heliotropes-a-constant-sea-album-cover

Stoner rock, vintage psychedelia, dream pop and sludge-riffery all collide on A Constant Sea – the brilliant debut album from Heliotropes, an all-female four piece hailing from Brooklyn. Though the album cover suggests that the music inside might resemble something of a horror movie soundtrack, A Constant Sea actually sounds more like what a summer day in New York City feels like – sweltering, bleak, crushing, and yet punctuated with moments of intense beauty.

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Opener “Early in the Morning” sets the tone, with a grungy and simplistic riff that chugs along under pounding percussion from drummer Cici HarrisonJessica Numsuwankijkul joins in, with her fuzzed out vocals ratcheting up the tension. When you think the track is about to reach it’s loudest moment, Heliotropes pull back and the song really opens up. Gone is the distortion, replaced by a gentler delay-tinged riff and layered vocal melodies – but it doesn’t last long and soon we’re back and just as heavy as before. It’s this push-and-pull dynamic between melody and metal that makes A Constant Sea such an enduring listen.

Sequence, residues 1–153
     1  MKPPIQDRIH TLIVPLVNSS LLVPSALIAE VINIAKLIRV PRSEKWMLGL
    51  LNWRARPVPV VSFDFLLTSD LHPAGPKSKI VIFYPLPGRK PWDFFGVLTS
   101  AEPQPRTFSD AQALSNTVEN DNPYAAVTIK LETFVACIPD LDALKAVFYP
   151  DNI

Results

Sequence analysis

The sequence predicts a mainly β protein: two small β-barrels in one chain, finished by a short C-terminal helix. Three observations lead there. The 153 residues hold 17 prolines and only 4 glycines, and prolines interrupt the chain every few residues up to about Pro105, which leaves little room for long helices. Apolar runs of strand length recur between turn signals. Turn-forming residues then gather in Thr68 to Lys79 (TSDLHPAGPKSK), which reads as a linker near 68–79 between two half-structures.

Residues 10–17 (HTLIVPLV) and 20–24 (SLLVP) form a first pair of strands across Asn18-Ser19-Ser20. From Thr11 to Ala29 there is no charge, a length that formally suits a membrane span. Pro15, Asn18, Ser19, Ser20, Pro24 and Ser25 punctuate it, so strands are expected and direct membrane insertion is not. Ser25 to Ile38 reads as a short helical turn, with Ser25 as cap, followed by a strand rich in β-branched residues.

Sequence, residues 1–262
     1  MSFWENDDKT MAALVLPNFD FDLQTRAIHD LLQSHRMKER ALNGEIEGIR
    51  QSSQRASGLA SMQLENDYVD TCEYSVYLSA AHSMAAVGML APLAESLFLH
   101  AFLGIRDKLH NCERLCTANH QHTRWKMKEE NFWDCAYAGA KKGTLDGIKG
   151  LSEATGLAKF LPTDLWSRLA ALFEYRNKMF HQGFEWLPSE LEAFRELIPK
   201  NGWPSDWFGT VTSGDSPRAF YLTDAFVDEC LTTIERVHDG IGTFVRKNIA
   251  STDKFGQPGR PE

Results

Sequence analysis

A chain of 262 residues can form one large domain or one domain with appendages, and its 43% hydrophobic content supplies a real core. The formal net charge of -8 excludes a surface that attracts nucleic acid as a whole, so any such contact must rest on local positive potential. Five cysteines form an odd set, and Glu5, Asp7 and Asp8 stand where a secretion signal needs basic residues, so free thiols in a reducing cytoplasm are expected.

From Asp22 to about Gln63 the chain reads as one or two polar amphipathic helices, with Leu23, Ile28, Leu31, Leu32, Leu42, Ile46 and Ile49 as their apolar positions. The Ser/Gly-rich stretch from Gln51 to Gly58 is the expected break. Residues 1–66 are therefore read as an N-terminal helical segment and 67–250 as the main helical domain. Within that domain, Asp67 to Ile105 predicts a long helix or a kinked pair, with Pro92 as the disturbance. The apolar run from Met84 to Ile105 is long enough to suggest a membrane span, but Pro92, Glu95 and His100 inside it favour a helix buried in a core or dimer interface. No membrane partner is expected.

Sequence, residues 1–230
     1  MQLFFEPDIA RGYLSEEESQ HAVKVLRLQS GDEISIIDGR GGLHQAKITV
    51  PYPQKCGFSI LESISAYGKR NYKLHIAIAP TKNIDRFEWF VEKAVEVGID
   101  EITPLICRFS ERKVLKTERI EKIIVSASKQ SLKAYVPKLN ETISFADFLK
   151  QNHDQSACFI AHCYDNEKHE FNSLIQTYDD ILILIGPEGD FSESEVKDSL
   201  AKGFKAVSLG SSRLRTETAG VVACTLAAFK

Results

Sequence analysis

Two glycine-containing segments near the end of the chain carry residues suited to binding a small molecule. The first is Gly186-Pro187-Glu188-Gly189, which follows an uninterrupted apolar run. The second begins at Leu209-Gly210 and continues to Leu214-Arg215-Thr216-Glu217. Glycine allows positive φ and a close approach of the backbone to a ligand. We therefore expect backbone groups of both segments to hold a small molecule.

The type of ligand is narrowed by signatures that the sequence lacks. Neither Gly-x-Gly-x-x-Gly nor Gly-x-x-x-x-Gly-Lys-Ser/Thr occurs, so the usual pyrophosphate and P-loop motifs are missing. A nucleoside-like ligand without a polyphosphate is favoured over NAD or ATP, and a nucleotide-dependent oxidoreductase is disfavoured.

The aptly titled “Psalms” manages a similar feat, while also including multiple tempo jumps, psych-rock jamming, and wailing guitar heroics. “Awake” and “Everyone Else” provide the acoustic and mid-tempo passages that allow you to catch your breath, also calling to mind Frankie Rose‘s solo records – as well as her work in Dum Dum Girls and Vivian Girls.

While stoner metal purists might scoff at some of the more melodic passages on A Constant Sea, doing such would be an incredible disservice to Heliotropes’ talents. Heliotropes look back, past the 80s and 90s – where their contemporaries’ memories apparently end – and straight into the haze of the 60s and 70s. They bring a classic, beer-soaked groove to their Gen X indebted attitude and fury. A Constant Sea has no ambitions of simply battering you into submission, but is instead interested in what happens in between all the chaos.